Pancreatic Cancer Facts
About the Pancreas
The pancreas is found in the abdomen, behind the stomach. It is surrounded by the small intestine, liver, and spleen.
Most of the pancreas consists of exocrine cells. These cells produce and secrete enzymes that aid in the breakdown of foods. Lipase breaks down fats, protease breaks down proteins, and amylase breaks down carbohydrates.
A small portion of the pancreas consists of endocrine cells. These cells produce and secrete hormones, including gastrin, which triggers release of acid in the stomach, and insulin, which helps lower the level of sugar in the blood.
What is Pancreatic Cancer?
When either exocrine or endocrine cells begin to grow abnormally they can turn into cancer. Cancer cells do not respond to regular cell growth, division, and death signals like they are supposed to. They also don’t organize normally. Instead they grow into a tumor, which may break through nearby tissues or spread to other parts of the body.
It is important to know whether a pancreatic tumor started in the exocrine cells or endocrine cells because there are different treatment strategies and prognoses for each type.
The term “pancreatic cancer” is often used to refer to cancer that started in the exocrine cells of the pancreas. Most pancreatic cancers are exocrine cancers that begin in the ducts that carry pancreas juices (and enzymes) to the common bile duct. The common bile duct empties into the duodenum, the first section of the small intestine. The most common of these cancers is adenocarcinoma. Nearly 95 percent of exocrine pancreatic cancers are adenocarcinomas. There are several other exocrine pancreatic cancers, also called non-endocrine pancreatic cancers.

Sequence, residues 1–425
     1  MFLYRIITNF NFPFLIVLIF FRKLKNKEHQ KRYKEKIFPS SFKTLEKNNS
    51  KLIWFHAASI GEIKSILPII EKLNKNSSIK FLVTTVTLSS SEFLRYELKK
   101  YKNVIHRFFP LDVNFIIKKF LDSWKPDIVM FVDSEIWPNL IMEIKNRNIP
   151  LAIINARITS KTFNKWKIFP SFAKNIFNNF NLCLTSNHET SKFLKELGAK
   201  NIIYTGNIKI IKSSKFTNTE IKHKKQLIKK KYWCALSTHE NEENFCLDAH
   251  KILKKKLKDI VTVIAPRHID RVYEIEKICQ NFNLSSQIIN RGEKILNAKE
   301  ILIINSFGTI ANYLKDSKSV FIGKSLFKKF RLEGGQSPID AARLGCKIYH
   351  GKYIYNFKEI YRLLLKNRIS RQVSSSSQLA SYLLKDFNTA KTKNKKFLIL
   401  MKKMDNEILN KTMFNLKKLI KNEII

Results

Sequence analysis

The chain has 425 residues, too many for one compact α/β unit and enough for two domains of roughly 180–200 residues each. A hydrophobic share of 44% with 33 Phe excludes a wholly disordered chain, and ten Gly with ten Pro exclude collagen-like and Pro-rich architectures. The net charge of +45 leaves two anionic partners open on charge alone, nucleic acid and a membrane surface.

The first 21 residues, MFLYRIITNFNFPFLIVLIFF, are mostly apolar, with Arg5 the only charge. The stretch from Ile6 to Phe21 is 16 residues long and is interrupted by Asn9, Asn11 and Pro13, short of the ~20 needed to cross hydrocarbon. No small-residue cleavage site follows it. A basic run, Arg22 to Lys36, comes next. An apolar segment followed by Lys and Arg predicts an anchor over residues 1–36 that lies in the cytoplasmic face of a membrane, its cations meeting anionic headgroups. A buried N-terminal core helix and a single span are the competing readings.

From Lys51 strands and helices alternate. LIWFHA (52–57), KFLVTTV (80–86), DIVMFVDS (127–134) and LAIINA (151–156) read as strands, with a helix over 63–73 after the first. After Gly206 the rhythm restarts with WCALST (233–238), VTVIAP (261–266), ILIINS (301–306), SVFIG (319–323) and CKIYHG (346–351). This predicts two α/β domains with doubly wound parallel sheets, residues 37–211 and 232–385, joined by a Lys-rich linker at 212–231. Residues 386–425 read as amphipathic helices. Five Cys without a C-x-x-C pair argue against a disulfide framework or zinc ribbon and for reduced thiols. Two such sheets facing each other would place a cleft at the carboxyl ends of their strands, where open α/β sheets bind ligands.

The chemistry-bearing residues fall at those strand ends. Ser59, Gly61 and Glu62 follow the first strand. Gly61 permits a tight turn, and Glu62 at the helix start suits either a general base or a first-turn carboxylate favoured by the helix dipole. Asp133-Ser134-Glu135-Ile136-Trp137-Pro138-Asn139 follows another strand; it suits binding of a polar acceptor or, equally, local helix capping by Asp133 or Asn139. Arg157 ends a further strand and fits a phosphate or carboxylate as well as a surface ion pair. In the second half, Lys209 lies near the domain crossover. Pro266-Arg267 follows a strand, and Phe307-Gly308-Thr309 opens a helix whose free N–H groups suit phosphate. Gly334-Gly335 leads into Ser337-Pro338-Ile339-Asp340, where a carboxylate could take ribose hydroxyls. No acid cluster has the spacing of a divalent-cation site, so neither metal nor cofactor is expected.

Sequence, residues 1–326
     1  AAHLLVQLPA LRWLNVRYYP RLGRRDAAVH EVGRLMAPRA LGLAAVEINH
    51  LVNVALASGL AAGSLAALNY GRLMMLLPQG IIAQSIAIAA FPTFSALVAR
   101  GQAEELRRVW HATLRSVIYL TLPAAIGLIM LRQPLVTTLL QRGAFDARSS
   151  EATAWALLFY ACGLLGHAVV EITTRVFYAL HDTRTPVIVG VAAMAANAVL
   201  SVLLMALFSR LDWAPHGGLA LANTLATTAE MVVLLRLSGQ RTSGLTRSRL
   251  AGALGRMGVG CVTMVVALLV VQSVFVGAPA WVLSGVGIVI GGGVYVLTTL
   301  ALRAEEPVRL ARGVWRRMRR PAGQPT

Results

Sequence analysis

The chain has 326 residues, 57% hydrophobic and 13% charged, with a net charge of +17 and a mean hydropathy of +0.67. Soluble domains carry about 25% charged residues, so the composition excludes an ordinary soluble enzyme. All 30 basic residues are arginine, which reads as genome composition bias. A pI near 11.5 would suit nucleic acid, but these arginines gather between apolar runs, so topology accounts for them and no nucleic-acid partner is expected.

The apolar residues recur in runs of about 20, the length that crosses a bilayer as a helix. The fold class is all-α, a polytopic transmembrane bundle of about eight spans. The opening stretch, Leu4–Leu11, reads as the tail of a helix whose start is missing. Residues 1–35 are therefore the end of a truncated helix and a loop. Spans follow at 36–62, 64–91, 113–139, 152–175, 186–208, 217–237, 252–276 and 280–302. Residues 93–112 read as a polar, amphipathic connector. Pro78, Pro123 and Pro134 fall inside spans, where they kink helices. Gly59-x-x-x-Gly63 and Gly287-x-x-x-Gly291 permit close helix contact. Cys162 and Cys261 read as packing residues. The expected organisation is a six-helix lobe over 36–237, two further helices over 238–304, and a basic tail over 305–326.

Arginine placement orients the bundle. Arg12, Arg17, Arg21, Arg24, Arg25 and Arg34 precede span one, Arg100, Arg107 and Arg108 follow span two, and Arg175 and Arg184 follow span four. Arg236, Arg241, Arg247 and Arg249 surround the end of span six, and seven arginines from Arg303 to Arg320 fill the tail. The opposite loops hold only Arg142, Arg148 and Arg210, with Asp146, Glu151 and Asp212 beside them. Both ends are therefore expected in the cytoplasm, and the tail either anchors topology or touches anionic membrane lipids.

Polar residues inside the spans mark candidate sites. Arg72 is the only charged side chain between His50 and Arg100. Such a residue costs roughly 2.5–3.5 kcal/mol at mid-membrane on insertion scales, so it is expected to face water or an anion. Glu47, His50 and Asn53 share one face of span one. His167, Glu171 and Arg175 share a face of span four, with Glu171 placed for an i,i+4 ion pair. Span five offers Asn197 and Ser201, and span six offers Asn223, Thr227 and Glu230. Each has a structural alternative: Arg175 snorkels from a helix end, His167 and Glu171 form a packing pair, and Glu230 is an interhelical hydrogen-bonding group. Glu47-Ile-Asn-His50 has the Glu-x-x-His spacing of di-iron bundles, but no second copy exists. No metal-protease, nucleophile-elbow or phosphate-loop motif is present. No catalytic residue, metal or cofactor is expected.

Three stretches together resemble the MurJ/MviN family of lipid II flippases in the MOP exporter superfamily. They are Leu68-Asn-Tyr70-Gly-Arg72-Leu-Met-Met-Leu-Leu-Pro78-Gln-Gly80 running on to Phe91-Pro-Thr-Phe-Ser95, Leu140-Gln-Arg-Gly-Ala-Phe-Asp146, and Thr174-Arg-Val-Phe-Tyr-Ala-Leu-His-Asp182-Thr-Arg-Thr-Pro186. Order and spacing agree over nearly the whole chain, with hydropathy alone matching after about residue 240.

What are Pancreatic Neuroendocrine Tumors?
Pancreatic cancers that start in the endocrine cells are called pancreatic neuroendocrine tumors (NETs). They are also known as neuroendocrine tumors of the pancreas or islet cell tumors. NETs can be either malignant (cancer) or benign (not cancer).
Malignant pancreatic NETs are very rare, accounting for about one percent of newly diagnosed pancreatic cancers. They often grow slower than exocrine pancreatic cancers. Some are called “functional” because they secrete hormones; some are “nonfunctional” because they don’t secrete hormones. Pancreatic NETs can often be cured.
There are several types of NETs, named for the type of endocrine cell where they begin. These are the most common functional NETs:
- Insulinoma, which makes too much of the hormone insulin
- Gastrinoma, which makes large amounts of the hormone gastrin
Pancreatic Cancer in the U.S.
While it is a serious disease, pancreatic cancer is relatively rare. The American Cancer Society estimates that about 44,000 people in the United States will be diagnosed with pancreatic cancer (either exocrine or endocrine) each year. Pancreatic cancer is the tenth most common cancer in men and women.
Here is some information about the symptoms of exocrine pancreatic cancer and how it’s diagnosed.
Here is some information about the symptoms of pancreatic NETs and how these tumors are diagnosed.